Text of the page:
Zoom link: https://upenn.zoom.us/j/95988533974
ROBERT NICHOLS RECONSTRUCTS THE CONCEPT OF DISPOSSESSION as a means of examining how shifting configurations of law, property, race, and rights have functioned as modes of governance, both historically and in the present. Through close analysis of arguments by Indigenous scholars and activists from the nineteenth century to the present, Nichols argues that dispossession has come to name a unique recursive process whereby systematic theft is the mechanism by which property relations are generated. In so doing, this work also brings long-standing debates in anarchist, Black radical, feminist, Marxist, and postcolonial thought into direct conversation with the frequently overlooked intellectual contributions of Indigenous peoples.
ROBERT NICHOLS is Associate Professor of Political Theory at the Department of Political Science at the University of Minnesota. His research in contemporary European philosophy and the history of political thought focuses on critical theory, imperialism & colonialism in the 19th century, and thinkers like Marx and Foucault. Professor Nichols also specializes in research on the contemporary politics of settler colonialism and indigeneity in the Anglo-American world.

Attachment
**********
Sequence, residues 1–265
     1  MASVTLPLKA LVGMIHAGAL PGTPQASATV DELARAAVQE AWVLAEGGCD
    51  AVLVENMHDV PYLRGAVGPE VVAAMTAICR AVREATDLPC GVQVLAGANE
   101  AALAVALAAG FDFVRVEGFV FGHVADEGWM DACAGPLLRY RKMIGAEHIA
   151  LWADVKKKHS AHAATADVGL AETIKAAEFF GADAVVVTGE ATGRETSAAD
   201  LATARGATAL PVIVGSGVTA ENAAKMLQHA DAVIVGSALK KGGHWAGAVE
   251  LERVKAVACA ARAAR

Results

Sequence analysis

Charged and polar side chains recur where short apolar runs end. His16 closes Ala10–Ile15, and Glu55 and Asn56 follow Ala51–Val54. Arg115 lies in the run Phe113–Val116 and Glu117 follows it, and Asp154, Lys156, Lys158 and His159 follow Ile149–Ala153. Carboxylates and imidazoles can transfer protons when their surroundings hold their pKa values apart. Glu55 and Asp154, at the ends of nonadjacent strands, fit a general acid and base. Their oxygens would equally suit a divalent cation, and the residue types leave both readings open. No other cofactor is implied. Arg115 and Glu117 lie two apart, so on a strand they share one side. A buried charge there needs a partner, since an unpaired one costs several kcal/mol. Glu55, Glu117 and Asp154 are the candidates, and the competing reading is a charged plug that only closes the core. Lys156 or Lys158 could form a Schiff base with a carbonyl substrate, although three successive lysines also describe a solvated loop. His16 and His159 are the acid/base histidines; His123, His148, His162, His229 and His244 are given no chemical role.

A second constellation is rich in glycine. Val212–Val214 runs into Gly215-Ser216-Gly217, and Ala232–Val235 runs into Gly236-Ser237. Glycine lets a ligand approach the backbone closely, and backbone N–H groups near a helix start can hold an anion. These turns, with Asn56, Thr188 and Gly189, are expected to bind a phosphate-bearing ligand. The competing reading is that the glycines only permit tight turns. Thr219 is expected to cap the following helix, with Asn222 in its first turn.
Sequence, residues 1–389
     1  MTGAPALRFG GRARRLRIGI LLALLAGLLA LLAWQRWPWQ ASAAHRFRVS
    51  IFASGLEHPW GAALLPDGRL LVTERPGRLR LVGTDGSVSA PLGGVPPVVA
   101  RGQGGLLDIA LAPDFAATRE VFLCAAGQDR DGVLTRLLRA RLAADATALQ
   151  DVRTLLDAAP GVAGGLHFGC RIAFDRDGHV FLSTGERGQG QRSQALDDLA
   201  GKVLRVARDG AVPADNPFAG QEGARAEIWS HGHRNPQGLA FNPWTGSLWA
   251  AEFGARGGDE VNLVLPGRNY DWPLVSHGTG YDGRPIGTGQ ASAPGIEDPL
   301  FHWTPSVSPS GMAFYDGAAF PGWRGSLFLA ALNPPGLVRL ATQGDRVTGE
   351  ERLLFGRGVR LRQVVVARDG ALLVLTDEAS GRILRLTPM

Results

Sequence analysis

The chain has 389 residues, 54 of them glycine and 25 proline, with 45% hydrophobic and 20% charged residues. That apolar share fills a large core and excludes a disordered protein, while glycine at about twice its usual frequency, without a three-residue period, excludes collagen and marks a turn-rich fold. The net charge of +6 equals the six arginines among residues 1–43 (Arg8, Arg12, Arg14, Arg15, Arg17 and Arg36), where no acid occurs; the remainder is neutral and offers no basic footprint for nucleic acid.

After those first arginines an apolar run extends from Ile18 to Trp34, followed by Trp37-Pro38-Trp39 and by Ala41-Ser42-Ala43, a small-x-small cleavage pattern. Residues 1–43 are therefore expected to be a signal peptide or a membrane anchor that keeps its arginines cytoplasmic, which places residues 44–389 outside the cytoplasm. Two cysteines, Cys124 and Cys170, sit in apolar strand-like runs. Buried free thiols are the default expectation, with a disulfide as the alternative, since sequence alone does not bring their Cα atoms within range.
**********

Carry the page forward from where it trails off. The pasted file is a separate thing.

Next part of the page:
Discussant: M. EDITH SKLAROFF (Penn Political Science)